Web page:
Lahore – August 31, 2015 – Samsung Electronics Co., Ltd. is demonstrating for the first time a new subtitling format – HbbTV 2.0 – which at long last will bring accessibility for the deaf and hard-of-hearing to live streaming and on-demand content. The technology will be shown at IFA 2015 in Berlin, Germany, as part of the Hbb4All Pilot-A project, in collaboration with IRT and RBB, which aim to improve the delivery of a wide range of accessibility services.
Across Europe, broadcasters have the challenge of providing subtitles in a format that works on multiple platforms, so that they can help individuals who are deaf and hard-of-hearing, or simply do not have sufficient language skills to comprehend the content without text support – whether it is in the original or a foreign language.
While sub-titling technologies for traditional broadcast platforms are well established, today’s challenge is to provide subtitles that meet the specific needs of the users in terms of channel, platform and their consumption requirements. To provide accessibility services that are easy-to-use, are of a high quality and work on all platforms offered by on-demand and IP television, broadcasters need a well-conceived production and distribution strategy that allows them to exchange subtitles and re-purpose them automatically.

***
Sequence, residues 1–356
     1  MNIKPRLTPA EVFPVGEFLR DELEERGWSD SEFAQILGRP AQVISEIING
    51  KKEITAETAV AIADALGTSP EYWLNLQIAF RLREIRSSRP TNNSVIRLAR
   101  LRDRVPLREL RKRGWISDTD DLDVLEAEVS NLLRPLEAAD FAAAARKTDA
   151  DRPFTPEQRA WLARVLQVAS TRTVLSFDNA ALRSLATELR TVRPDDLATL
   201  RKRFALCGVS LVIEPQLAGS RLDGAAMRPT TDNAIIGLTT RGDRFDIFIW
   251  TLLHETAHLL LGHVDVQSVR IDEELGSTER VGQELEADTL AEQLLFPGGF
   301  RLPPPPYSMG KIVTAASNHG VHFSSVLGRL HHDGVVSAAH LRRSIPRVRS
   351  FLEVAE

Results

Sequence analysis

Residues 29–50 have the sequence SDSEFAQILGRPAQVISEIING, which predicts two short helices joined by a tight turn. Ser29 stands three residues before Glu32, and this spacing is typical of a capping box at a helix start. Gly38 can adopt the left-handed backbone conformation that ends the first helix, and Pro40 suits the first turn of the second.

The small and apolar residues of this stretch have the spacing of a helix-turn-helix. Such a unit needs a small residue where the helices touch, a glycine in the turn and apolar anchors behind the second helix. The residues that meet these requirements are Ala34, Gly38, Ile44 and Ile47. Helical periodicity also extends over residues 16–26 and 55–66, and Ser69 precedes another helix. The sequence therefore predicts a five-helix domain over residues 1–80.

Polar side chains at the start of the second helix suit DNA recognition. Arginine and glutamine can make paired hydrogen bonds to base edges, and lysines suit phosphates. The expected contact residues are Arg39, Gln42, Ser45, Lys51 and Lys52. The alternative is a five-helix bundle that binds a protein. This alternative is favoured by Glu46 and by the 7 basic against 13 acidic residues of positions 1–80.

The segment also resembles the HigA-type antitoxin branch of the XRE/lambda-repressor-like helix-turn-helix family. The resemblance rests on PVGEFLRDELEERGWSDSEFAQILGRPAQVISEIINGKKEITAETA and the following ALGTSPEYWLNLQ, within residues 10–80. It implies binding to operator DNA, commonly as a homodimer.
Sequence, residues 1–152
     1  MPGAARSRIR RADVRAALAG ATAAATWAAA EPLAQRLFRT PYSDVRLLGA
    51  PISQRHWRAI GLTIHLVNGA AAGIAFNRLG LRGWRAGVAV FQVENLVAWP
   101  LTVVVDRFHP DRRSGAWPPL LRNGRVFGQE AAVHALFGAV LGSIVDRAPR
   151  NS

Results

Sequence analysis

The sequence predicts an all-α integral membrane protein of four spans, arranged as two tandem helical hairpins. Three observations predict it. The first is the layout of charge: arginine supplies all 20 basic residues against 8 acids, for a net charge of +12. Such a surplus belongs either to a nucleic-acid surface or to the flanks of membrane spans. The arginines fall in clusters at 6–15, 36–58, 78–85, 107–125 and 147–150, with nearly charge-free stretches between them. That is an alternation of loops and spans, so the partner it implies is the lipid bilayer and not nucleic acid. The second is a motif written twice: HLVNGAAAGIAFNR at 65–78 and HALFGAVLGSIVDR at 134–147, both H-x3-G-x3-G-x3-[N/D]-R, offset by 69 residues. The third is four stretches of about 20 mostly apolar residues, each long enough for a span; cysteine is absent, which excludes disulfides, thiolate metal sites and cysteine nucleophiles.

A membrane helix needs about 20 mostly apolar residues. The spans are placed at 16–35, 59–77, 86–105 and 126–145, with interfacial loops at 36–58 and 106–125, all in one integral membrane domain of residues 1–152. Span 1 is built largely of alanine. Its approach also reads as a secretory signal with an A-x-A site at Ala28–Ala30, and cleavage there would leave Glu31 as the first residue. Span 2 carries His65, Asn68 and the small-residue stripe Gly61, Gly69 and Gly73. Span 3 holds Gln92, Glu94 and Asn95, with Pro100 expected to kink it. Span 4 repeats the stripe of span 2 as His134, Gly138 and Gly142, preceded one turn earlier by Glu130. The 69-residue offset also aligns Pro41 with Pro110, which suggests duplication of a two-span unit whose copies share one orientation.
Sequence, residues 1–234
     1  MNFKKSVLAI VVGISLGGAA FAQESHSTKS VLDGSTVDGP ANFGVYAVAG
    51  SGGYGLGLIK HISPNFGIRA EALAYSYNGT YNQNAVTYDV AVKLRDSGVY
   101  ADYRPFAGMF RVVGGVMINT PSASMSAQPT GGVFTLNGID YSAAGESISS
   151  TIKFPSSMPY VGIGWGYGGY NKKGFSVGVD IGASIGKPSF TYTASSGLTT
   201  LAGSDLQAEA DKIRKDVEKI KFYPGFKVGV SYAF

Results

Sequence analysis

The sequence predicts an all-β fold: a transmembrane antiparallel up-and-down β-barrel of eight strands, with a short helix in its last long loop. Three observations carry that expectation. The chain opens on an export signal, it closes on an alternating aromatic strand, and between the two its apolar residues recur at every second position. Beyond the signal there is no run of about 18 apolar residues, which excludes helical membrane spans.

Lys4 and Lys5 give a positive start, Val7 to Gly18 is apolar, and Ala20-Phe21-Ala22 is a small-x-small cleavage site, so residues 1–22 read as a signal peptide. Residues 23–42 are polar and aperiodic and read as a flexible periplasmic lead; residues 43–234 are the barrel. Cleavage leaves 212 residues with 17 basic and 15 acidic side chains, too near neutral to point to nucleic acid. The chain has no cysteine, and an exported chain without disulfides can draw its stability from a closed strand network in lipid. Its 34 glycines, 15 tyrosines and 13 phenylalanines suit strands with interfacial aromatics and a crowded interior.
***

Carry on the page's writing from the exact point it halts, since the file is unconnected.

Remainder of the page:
“Samsung is delighted to demonstrate its on-going commitment to supporting accessibility features in its TVs,” said Mi Young Yoo, Vice President of the Visual Display Business at Samsung Electronics. “In order to support the work of the Hbb4All project and to be ready for this demonstration, Samsung has accelerated its implementation for EBU-TT-D based subtitles, and we are really grateful for the support provided to us by IRT, RBB and all other Hbb4All partners.”
HbbTV 2.0 adds support for EBU-TT-D as a subtitle format (TTML) for broadband content. On-demand content can be linked with out-of-band EBU-TT-D documents and content based on MPEG-DASH can have embedded EBU-TT-D subtitles. This in turn makes it possible to generate subtitles for live streaming via the Internet.*
The HbbTV terminals currently available in the market do not support subtitles for broadband content natively. However, these terminals provide sufficient information on the playback position for on-demand content directly to applications, so subtitles can be added in the application. This provides the flexibility needed to offer users customized subtitles, such as larger font sizes.
Samsung’s demonstration of the HbbTV 2.0 format is the first element of the Pilot-A project as proposed by the Hbb4All project. Demonstrations of HbbTV 2.0 will be available at IFA in Berlin in the ARD Digital Hall at the IRT and RBB booths, as well as at IBC, Amsterdam from Sept. 7-15, 2015 at the IRT booth.